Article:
Genre: Fantasy – Flintlock
Series: Powder Mage #0.3
Publisher: Self Published (November 24, 2014)
Length: 74 pages
My Rating: 4 stars
I have a confession to make: I wasn’t too excited when I began this novella. Why? The main character. Adamat was an okay guy in Promise of Blood; his plot line a nice addition to the other, more important events swirling around Field Marshal Tamas and Taniel; and, of course, the information the good detective uncovered in his investigation was vitally important. However, for me, Adamat just wasn’t as exciting to follow along behind as the other characters, so as I began Murder at the Kinnen Hotel and discovered it was focusing on an episode from our good detectives early career, I was certain it wasn’t going to be for me. Imagine my surprise when this one pulled me in and held my attention to the end. Yet another amazing Powder Mage novella!
Here we find Special Detective Constable Adamat as a new member of the First Precinct of Adopest, having followed along behind his superior, Captain Hewi, to this new post with the belief that it would help his advancement up the ranks. But things are not rosy, as our young “knack” finds that his shrewd investigation skills and minor magical ability to recall information are not nearly as important as his social pedigree and political connections. The proverbial crap hitting the fan when Adamant and a Lieutenant Dorry (Commissioner Aleksandre’s relative) clash over a murder investigation: Dorry more than happy to pin the crime on a cook when Adamat clearly sees the signs that a powder mage has committed the killing. The backlash from this internal brouhaha landing our young detective in trouble: his career and his very life in jeopardy from parties unknown and unseen!
At this point, I wrongly assumed the ongoing narrative would revolve around Adamat attempting to clear his name. Brian McClellan does something unexpected however, introducing an agent from the Royal Cabal. This steely woman taking on Adamat as her partner, firmly compelling him to focus his skills on unraveling the identity of the powder mage assassin and who employed him. The rousing adventure which follows not only mesmerizingly entertaining but also informative, as it provides amazing details about the world of Adopest including a glimpse inside the Royal Cabal, turning these magicians into an even more ominous group to be dealt with.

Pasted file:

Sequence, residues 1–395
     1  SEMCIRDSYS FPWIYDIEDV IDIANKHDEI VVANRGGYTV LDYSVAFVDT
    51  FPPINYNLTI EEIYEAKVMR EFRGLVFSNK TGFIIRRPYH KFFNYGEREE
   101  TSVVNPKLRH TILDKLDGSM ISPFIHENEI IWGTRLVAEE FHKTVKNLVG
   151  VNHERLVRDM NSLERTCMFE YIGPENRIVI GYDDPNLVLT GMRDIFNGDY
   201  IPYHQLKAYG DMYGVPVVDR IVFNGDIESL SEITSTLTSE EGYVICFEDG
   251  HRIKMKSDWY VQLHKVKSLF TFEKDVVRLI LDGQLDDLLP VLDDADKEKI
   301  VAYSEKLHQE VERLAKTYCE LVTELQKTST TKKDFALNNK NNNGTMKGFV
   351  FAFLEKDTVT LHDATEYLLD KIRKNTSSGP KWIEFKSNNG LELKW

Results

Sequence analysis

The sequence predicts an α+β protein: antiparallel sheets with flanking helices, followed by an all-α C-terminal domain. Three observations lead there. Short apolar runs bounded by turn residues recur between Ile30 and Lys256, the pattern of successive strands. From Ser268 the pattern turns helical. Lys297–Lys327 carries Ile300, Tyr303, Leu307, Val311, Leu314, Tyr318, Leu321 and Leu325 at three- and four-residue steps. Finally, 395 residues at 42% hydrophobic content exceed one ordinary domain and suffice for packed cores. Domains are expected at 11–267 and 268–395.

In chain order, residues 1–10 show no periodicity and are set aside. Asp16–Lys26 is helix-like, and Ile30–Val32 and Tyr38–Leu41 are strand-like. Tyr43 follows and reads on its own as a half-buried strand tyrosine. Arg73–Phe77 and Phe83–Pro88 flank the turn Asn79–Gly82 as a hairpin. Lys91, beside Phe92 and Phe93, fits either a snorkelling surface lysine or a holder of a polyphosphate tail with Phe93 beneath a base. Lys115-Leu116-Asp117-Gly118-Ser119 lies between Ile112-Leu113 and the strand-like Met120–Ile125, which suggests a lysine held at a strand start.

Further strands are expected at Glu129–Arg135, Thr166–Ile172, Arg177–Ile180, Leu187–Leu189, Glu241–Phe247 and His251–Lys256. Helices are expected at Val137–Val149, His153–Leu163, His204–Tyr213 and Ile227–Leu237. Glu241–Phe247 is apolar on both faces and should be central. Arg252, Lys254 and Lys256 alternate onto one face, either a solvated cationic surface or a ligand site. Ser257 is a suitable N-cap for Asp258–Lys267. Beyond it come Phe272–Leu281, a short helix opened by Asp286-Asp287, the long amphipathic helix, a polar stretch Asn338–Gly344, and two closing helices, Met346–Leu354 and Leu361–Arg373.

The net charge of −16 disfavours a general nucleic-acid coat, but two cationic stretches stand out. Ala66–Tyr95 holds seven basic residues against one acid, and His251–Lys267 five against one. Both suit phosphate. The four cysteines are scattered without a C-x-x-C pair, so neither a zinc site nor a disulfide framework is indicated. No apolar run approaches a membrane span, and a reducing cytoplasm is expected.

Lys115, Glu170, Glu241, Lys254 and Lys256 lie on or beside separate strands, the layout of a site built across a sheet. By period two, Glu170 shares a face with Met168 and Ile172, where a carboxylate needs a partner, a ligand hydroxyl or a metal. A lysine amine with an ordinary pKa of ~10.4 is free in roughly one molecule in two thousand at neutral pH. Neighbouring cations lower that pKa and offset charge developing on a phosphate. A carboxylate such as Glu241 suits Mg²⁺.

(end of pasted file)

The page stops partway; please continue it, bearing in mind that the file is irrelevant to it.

What did I enjoy most about Murder at the Hotel Kinnen, though?
First and foremost, I continued to love the thorough but organic worldbuilding Mr. McClellan is displaying with these novellas. Each story a snapshot of the Powder Mage world. Each revealing more details of prominent characters and groups from the trilogy. The bits of insight gained from Murder and its sibling stories deliciously addictive, as they add layer upon layer to this vibrant place, slowly building a living, breathing world.
Especially entertaining was Mr. McClellan’s subtle look at the Royal Cabal. The idea to use one of their agents as Adamat “partner” was brilliant. This method allowed flashes of the Royal Cabal and their world to be seen, but never reveal all of it. Or, to put it another way, these magical individuals are still mysterious figures of great power who stand just outside of the light, but Murder has begun to reveal them more clearly.
As for the character of Detective Adamat, I really have to apologize to him and his creator for doubting his vitality as a lead character. No, he isn’t on par with Field Marshal Tamas, but where before he was merely a lackluster supporting character, he is now a man I understand and admire. This novella going a long way in making Adamat a character I want to read about again and again.
The only criticism I have of the story is the ending. It was a fitting one which tied up all the loose ends, but it felt too neat and too convenient. Not saying that it was unrealistic, because it was not, but it was just not messy enough for my tastes. But that small bit of consternation at the conclusion may be merely my personal tastes rearing their heads rather than an indictment of Mr. McClellan’s closing.
All in all, Murder at the Kinnen Hotel is another amazing Powder Mage novella. Whether you’ve enjoyed the trilogy already or this is your first taste, this short story will be enjoyable, entertaining, and informative, a great introduction to Brian McClellan’s fabulous world of magic, muskets, and mages or a welcome return. So do go pick it up and enjoy a rousing, murder mystery in a world where gunpowder does more than make things go boom!